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School of Seven Bells release debut LP and support Bat For Lashes

School Of Seven Bells have announced the release of their debut album Alpinisms on February 23rd. In addition, they will be joining Bat For Lashes on her April UK tour.

More info from the press release:

Brooklyn dream pop trio School Of Seven Bells have set the date for the official release of ‘Alpinisms’ and announced they will be supporting Bat For Lashes on her April tour. Their enchanting debut album is out 23rd February and the band is playing the following dates with Bat For Lashes. This tour follows on from the previously announced debut headline European tour in February:

7 Apr 2009 The Ritz, Manchester
8 Apr 2009 Queen Margaret Union, Glasgow
9 Apr 2009 Stage 2, Northumbria University, Newcastle
11 Apr 2009 Metropolitan University, Leeds
12 Apr 2009 Birmingham Town Hall, Birmingham
13 Apr 2009 The Regal, Oxford
15 Apr 2009 Anson Rooms, Bristol
16 Apr 2009 Brighton Corn Exchange, Brighton
17 Apr 2009 Shepherds Bush Empire, London

School Of Seven Bells is the collective work of Benjamin Curtis, ex-guitarist from the Secret Machines and identical twin sisters Alejandra and Claudia Deheza, previously of ambient post-rockers On! Air! Library! and occasional collaborators with Prefuse 73. The band themselves are named after the mythical South American pickpocket academy, the School Of Seven Bells which may or may not have existed in the 1980s, according to a late night documentary Alejandra once caught on US television. The tracks on ‘Alpinisms’ are written as secret missives between the School’s imaginary seven members and introduce us into the dizzyingly inclusive fantasy world of Benjamin, Claudia and Alejandra.

The album is best introduced with a little etymology: Mercurial French author Rene Daumal defined “alpinism” as “the art of climbing mountains.” Art of course, means many things: the perfection of craft, the transcendence of spirit, the physical world and the truth found beyond it. Alpinists then, are both athletes and mystics. They practice “pure” climbing, hands gripping the cragged incline without rope or guide, forcing their bodies ever-upward in the name of earthly enlightenment. “Alpinisms,” says Daumal enthusiast and guitarist Alejandra Deheza, “are mountain-climbing songs.”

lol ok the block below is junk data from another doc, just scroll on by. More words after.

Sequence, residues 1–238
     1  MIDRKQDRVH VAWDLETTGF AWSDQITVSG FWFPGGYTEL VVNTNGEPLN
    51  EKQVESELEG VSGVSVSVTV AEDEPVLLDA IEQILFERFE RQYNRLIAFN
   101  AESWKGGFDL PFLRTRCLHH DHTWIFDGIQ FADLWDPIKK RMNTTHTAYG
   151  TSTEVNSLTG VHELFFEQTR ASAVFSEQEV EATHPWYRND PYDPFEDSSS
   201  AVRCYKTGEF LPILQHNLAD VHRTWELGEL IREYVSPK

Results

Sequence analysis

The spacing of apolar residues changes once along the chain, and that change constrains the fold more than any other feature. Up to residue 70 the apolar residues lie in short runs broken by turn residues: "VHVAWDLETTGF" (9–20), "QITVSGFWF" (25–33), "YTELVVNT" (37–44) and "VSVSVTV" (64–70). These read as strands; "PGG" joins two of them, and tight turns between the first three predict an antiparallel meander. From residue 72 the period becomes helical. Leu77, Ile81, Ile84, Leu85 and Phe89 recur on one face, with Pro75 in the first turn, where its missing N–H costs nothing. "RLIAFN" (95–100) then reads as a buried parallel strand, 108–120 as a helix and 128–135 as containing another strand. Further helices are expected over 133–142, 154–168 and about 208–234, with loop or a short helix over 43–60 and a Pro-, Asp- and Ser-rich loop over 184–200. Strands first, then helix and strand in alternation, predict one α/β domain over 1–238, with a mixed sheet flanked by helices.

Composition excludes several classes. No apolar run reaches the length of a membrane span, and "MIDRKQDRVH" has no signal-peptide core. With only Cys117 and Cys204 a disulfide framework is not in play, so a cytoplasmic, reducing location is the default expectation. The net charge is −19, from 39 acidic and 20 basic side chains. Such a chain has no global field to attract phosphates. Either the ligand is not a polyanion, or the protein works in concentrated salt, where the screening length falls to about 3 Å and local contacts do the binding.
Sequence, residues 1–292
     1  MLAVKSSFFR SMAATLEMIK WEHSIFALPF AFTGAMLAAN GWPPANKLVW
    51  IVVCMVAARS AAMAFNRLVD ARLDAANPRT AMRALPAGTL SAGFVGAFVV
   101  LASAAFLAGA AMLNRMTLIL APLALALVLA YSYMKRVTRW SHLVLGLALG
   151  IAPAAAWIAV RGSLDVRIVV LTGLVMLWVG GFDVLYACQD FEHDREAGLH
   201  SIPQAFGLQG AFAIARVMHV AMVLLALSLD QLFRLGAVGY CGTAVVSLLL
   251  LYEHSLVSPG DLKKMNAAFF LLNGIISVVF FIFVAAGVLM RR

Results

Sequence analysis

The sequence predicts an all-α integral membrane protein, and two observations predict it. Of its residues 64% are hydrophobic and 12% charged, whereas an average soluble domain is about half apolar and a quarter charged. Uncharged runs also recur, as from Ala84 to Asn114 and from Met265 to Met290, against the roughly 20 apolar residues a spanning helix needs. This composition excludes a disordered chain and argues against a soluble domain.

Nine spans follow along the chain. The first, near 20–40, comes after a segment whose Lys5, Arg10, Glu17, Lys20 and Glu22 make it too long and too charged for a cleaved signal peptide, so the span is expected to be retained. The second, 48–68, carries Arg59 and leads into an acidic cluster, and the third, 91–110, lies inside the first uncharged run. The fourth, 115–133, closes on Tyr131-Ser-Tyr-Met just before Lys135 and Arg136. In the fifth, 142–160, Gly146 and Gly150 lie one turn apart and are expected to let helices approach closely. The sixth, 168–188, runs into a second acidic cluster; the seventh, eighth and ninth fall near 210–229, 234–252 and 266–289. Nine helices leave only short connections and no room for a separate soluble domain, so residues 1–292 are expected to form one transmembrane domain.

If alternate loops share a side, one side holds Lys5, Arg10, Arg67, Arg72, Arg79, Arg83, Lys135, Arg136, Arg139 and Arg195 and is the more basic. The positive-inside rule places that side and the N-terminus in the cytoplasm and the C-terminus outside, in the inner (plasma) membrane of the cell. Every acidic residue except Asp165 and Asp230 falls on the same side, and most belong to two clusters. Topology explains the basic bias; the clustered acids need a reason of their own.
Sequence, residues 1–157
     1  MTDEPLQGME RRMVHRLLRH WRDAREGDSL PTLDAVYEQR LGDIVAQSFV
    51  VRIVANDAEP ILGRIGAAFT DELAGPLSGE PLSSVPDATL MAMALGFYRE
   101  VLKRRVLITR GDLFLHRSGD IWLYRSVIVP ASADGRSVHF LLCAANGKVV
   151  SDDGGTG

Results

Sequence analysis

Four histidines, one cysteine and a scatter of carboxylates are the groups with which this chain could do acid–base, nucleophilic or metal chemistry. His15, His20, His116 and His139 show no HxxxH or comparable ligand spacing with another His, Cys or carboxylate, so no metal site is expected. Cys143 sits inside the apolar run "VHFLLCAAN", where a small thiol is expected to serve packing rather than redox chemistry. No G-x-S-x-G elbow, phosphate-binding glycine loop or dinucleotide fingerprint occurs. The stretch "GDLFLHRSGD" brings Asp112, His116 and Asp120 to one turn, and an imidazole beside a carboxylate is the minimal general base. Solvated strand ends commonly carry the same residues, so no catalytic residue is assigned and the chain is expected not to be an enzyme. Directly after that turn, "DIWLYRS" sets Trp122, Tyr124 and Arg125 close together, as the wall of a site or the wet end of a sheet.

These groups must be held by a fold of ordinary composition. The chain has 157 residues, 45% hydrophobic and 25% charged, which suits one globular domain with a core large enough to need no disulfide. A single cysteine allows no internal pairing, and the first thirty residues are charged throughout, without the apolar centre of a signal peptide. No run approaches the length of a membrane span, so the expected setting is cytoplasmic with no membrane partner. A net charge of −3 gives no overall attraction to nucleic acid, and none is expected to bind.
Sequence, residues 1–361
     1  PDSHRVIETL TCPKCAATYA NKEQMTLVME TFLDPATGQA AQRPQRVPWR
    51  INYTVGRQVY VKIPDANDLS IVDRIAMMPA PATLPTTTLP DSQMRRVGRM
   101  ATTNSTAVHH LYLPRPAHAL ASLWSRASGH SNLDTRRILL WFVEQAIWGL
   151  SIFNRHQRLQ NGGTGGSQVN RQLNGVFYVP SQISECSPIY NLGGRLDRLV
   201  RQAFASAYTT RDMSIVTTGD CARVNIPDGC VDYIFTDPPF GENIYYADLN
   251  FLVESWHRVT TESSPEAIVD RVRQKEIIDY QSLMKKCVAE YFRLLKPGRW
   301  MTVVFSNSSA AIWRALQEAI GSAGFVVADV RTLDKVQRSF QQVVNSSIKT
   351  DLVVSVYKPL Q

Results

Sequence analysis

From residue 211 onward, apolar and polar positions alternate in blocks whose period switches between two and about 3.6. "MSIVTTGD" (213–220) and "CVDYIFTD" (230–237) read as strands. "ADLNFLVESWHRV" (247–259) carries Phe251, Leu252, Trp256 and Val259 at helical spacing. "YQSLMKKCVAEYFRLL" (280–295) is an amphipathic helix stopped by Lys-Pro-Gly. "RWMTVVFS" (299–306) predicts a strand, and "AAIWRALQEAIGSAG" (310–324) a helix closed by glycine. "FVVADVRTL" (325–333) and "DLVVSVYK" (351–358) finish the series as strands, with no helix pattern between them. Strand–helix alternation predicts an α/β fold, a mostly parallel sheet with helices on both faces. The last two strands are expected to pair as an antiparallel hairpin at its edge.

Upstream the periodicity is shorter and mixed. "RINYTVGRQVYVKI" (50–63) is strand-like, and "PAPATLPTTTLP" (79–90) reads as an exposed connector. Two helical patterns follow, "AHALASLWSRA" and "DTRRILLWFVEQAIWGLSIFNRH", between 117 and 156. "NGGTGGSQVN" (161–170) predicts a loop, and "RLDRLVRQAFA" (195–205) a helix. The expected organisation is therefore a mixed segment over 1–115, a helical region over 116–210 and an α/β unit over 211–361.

The eleven songs reflect this passion for purity and the pursuit of enlightenment, each building up to an ecstatic crescendo. ‘Alpinisms’ is an electronically enhanced pop record of dizzying highs and claustrophobic lows, whose painstaking conception shows in its detail-laden crevices. Throughout, the whole heavenly affair is tethered to the ground with a glitchy, tribal thwomp.

Album opener ‘Iamundernodisguise’ begins with some afro-beat style tribal drumming, paired with the twins ethereal near-identical voices intertwined like the fingers of praying hands, repeating just four lines over and over, gradually layering synths, guitars and yet more vocals creating a primal stomp. ‘Face To Face In High Places’ launches straight in with a rattling and urgent beat, which becomes interlaced with the twins’ distorted vocals. The undertow of guitars is far away but palpable, warping the pretty in just the right ways, creating a beautiful, affectionate love song that carries the heart-wrenching line “One day I’ll tell you what you did for me, It’s safe to say, saving you saved me”.

The album progresses further into the realms of the band members’ sub-conscious, with the illuminating ‘Wired For Light’ and it’s jagged rhythms, exotic strings, horns and lyrics echoing from far away lands. ‘White Elephant Coat’ introduces jarring piano chords, which slowly float into tune with the constant and steady bass humming and ‘My Cabal’, the band’s debut single released on Sonic Cathedral last year, is an cluster of sonic beauty reminiscent of early Cocteau Twins and 4AD’s more gauzy moments.

‘Half Asleep’, the mesmerising single already making waves, opens with an array of layered synthesisers and otherworldly electronic bleeps and beats, balanced with the twins’ inviting harmonies gliding above the visceral rhythms. A dream-like pop tune, hypnotic and addictive throughout, with a continuous beat propelling it ever forward and the effect of the multi-tracked swirling ‘sisters’ is positively transcendental as they stylishly split the difference between shoegazing introspection and stargazing pop.

With influences spread as far and wide as My Bloody Valentine, 80’s electro-pop one hit wonder Debbie Deb (who is having a bit of a revival recently after being remixed by cult DJ and producer Duke Dumont) to obscure prog rockers Gentle Giant and Colombia’s number one diva Toto La Momposina, the School Of Seven Bells’ sound is as schizophrenic as it is blissful. While the three band members remain abstract and experimental in their approach to writing, the result is always glorious ethereal pop music of epic proportions.

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